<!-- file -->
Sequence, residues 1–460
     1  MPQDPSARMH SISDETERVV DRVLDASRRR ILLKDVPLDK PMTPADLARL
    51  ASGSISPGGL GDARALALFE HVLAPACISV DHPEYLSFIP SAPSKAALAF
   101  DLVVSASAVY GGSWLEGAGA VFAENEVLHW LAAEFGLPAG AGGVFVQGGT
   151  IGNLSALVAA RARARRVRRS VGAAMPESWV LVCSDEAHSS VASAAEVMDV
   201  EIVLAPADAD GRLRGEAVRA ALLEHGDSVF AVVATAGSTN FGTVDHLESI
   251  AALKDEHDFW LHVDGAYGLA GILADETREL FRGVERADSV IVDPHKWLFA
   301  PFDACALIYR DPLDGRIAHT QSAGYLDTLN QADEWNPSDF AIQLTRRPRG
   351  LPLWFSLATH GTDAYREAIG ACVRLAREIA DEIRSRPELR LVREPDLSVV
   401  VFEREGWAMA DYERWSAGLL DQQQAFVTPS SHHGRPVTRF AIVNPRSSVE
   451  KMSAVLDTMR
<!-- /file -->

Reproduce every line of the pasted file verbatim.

Sequence, residues 1–460
     1  MPQDPSARMH SISDETERVV DRVLDASRRR ILLKDVPLDK PMTPADLARL
    51  ASGSISPGGL GDARALALFE HVLAPACISV DHPEYLSFIP SAPSKAALAF
   101  DLVVSASAVY GGSWLEGAGA VFAENEVLHW LAAEFGLPAG AGGVFVQGGT
   151  IGNLSALVAA RARARRVRRS VGAAMPESWV LVCSDEAHSS VASAAEVMDV
   201  EIVLAPADAD GRLRGEAVRA ALLEHGDSVF AVVATAGSTN FGTVDHLESI
   251  AALKDEHDFW LHVDGAYGLA GILADETREL FRGVERADSV IVDPHKWLFA
   301  PFDACALIYR DPLDGRIAHT QSAGYLDTLN QADEWNPSDF AIQLTRRPRG
   351  LPLWFSLATH GTDAYREAIG ACVRLAREIA DEIRSRPELR LVREPDLSVV
   401  VFEREGWAMA DYERWSAGLL DQQQAFVTPS SHHGRPVTRF AIVNPRSSVE
   451  KMSAVLDTMR